Influence of size, crosslinking degree and surface structure of poly(N-vinylcaprolactam)-based microgels on their penetration into multicellular tumor spheroids†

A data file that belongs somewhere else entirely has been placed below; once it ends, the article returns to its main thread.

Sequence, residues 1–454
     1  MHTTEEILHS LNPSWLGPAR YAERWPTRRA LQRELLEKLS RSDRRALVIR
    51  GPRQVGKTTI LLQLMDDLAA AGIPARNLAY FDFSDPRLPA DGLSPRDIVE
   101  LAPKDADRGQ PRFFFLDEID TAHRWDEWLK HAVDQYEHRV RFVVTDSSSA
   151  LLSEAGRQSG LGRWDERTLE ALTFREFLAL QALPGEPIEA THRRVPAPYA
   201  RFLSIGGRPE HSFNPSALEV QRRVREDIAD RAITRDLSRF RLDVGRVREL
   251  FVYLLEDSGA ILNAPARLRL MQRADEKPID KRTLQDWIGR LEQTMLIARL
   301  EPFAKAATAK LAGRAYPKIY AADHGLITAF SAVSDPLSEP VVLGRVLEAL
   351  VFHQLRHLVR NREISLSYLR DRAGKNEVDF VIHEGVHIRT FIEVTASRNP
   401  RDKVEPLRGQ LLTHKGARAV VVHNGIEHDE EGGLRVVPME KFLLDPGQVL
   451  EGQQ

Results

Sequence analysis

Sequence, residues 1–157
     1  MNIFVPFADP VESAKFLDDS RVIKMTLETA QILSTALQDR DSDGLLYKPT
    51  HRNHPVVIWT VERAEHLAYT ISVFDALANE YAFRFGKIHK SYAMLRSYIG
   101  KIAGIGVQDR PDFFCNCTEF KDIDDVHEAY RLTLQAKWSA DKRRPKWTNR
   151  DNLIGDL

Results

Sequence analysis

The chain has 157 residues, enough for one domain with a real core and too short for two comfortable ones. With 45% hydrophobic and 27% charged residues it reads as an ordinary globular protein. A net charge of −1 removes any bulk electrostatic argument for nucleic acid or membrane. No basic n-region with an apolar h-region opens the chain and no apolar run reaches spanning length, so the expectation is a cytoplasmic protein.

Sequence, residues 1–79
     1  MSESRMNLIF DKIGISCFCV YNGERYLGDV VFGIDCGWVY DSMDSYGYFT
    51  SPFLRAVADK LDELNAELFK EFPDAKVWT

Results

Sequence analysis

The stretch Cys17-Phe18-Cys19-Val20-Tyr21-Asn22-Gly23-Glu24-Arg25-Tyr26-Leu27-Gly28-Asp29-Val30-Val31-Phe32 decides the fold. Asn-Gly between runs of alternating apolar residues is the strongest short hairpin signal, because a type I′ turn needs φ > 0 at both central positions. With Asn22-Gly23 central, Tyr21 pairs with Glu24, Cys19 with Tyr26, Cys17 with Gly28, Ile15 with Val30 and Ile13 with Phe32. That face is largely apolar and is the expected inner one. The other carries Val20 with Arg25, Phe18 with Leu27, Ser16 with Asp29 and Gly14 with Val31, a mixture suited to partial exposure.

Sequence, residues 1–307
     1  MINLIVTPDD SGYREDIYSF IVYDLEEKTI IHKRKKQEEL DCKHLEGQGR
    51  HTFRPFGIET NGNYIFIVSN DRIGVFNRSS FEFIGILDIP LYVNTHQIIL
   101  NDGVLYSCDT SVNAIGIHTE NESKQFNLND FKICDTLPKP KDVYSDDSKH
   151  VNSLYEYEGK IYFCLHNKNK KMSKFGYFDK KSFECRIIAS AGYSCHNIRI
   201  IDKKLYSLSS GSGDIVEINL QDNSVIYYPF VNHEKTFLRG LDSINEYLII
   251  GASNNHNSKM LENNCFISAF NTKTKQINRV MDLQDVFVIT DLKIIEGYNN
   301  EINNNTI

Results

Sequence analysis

Current nanomedicine suffers from a big challenge due to the fact that most of the nanocarrier systems lack the desired tumor penetration depth, thereby limiting their clinical translation. Unlike the nanomaterials with a similar size or shape, microgels display excellent softness, fluidity and deformability, as well as stimuli-responsiveness in the tumor microenvironment. Herein, we report the synthesis of temperature-responsive poly(N-vinylcaprolactam)/oligo (ethylene glycol) acrylate/glycidyl methacrylate (PVCL/OEGA/GMA) microgels with different hydrodynamic radii (100–500 nm), crosslinking densities, 2-methoxyethyl acrylate (MEA) contents and OEGA chain lengths using a precipitation polymerization method and the investigation of the microgels in terms of their tumor penetration capability using a multicellular tumor spheroid (MCTS) model. The prepared microgels were well characterized with different techniques. We show that regardless of the size, crosslinking density, MEA content and OEGA chain length, all microgels display the desired cytocompatibility in the given concentration range. In vitro cellular uptake data reveal that similar to 2-dimensional (2-D) adherent cells, microgels with a smaller size display more enhanced cellular uptake than those having a larger size in the 3-D MCTS model. Likewise, 3-D MCTS penetration results indicate that the PVCL/OEGA/GMA microgels with the smallest radius of 100 nm exhibit the deepest penetration length. We then selected the microgels with a radius of 200 nm but with different physicochemical parameters to investigate their cellular uptake and tumor penetration behavior. Our data show that microgels with varying crosslinking densities, MEA contents and OEGA chain lengths do not have any appreciable changes in terms of their cellular uptake and penetration in the 3-D MCTS model. Our study provides new insights for the design of different microgel-based systems for further cancer theranostic applications.